At Academia.edu

At ResearchGate

At BYU Scholar’s Archive

Reference:

Michela, E., & McDonald, J. K. (2020). Relationships, feedback, and student growth in the design studio: A case study. In Hokanson, B., Clinton, G., Tawfik, A. A., Grincewicz, A., & Schmidt, M. (Eds.), Educational technology beyond content: A new focus for learning (pp. 183-192). Springer Nature Switzerland AG. https://doi.org/10.1007/978-3-030-37254-5_16

The playable case study: An online simulation for skill and attitudinal learning

This is a chapter led by a Master’s student of mine, and contributed to by a number of members of an interdisciplinary team I work with at BYU. The student leading the chapter was interested in helping underrepresented populations (especially women) have more opportunities in STEM education, and this chapter looks at how the one of the simulations we designed can improve students’ attitudes towards topics and skills that are often seen as being too difficult.

Abstract:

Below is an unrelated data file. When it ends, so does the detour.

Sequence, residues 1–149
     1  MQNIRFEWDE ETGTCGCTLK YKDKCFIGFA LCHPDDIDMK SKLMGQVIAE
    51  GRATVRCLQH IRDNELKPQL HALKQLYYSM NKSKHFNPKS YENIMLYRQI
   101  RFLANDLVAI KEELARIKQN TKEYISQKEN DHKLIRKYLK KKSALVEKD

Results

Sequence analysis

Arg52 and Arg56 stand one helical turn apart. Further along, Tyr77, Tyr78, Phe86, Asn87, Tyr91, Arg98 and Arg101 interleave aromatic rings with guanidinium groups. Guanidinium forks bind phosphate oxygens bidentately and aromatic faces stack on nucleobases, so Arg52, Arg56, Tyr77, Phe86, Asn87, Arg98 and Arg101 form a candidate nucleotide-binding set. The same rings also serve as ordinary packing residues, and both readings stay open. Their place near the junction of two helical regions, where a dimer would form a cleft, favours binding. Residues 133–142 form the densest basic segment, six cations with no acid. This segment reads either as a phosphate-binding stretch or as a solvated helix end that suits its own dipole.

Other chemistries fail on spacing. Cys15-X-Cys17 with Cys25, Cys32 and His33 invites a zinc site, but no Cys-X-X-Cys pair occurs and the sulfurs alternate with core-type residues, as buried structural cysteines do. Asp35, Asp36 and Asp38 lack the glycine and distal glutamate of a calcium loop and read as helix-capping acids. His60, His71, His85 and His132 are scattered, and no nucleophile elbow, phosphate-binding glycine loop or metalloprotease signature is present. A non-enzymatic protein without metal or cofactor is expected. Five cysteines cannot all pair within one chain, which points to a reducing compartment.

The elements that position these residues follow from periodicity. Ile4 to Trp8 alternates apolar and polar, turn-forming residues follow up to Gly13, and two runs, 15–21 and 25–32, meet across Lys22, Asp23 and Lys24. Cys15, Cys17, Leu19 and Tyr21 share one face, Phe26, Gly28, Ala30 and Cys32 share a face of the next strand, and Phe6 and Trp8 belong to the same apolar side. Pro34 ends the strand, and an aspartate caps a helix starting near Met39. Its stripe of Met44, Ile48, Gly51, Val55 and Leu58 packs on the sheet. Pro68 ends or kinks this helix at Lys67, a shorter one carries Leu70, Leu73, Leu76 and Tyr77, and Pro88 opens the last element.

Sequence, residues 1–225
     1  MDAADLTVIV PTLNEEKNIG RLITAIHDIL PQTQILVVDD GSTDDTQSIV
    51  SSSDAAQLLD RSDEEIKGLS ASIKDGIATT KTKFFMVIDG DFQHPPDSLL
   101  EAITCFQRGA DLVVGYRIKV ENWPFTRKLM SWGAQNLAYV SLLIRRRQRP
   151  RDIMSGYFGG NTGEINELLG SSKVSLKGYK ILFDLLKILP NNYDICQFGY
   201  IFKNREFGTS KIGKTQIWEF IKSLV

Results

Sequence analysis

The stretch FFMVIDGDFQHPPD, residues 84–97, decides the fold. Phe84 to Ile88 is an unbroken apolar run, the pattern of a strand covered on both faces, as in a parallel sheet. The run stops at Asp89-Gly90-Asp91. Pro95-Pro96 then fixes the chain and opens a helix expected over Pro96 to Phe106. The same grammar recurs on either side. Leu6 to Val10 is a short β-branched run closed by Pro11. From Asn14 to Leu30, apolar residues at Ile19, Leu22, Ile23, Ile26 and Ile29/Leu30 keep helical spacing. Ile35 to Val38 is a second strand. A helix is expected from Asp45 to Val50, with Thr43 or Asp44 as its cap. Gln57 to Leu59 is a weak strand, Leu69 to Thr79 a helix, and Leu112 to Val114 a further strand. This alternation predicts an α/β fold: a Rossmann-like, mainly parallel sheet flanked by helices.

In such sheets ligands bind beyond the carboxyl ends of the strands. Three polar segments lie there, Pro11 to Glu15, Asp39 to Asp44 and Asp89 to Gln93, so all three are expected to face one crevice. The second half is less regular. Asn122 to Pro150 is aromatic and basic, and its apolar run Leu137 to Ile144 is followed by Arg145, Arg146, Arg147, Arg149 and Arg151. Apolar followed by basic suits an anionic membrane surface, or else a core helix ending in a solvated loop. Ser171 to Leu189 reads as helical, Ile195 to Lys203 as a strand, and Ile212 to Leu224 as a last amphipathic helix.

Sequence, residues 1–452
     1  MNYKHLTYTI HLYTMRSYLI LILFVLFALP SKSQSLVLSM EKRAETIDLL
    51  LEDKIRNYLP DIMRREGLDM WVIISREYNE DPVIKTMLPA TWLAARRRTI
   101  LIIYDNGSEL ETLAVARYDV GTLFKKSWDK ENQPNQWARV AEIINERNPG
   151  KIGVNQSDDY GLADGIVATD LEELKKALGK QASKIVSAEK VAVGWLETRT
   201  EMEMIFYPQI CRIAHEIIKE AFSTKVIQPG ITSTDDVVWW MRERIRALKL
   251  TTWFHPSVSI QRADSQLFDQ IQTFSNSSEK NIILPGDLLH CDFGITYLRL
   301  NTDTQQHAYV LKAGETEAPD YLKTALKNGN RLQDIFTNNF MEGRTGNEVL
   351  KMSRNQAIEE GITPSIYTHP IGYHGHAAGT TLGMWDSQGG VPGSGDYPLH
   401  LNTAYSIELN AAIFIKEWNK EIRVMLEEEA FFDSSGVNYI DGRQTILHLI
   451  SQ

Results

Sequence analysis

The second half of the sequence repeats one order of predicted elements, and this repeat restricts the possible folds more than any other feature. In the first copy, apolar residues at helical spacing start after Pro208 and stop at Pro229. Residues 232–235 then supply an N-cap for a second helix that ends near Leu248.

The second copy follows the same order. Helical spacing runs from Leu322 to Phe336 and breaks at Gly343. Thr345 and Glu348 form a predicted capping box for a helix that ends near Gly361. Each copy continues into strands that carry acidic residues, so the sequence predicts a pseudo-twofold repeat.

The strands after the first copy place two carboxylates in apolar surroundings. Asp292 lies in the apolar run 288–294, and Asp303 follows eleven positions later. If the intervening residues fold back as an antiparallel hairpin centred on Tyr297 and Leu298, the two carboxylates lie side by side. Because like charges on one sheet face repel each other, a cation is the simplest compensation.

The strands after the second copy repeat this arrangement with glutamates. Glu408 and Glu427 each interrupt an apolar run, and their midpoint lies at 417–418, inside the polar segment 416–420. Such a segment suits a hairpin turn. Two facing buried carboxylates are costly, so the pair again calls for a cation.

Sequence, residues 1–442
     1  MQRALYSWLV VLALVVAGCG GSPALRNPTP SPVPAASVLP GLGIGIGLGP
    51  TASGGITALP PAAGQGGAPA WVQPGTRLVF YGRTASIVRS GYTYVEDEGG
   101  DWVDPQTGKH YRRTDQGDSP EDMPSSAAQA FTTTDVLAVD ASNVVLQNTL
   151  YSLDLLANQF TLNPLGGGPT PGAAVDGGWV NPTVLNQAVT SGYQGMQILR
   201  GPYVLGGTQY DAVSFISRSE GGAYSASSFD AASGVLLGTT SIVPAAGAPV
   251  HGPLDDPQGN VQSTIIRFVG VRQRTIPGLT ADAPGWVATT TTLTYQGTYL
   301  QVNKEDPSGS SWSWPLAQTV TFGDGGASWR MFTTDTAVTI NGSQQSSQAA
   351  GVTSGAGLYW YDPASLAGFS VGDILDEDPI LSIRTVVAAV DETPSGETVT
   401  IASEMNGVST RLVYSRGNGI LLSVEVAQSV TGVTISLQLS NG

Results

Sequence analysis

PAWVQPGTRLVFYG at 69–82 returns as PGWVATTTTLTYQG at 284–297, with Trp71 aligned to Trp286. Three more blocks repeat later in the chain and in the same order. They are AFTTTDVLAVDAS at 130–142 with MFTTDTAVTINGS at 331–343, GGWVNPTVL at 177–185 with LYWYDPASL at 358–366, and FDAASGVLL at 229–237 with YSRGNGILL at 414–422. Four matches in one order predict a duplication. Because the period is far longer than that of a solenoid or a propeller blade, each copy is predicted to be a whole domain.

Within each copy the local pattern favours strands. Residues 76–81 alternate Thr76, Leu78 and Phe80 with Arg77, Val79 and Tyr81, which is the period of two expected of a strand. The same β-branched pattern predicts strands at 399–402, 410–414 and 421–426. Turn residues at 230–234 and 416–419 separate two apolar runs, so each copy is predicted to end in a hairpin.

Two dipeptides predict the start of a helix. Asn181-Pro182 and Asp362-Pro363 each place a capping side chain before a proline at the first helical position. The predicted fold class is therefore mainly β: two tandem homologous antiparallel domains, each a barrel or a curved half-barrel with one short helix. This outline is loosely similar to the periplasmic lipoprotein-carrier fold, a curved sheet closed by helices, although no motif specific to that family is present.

In this chapter we examine how knowledge- and skill-based learning might be integrated with broader views of learning that also account for changes in percep- tions of the discipline and attitudes toward professional practice. We do so by reporting our work on a mixed-reality educational simulation that we call a Playable Case Study (PCS). First, we describe the elements that define a PCS. Next, we describe a specific PCS designed to introduce students to the field of cyberse- curity and report survey data from a recent pilot study that illustrates the types of attitudinal- and skill-based learning this type of simulation might encourage. Finally, we describe insights we gained from our findings about how the PCS simulation could further facilitate students’ learning more than only the knowledge or factual components of a discipline.

At Academia.edu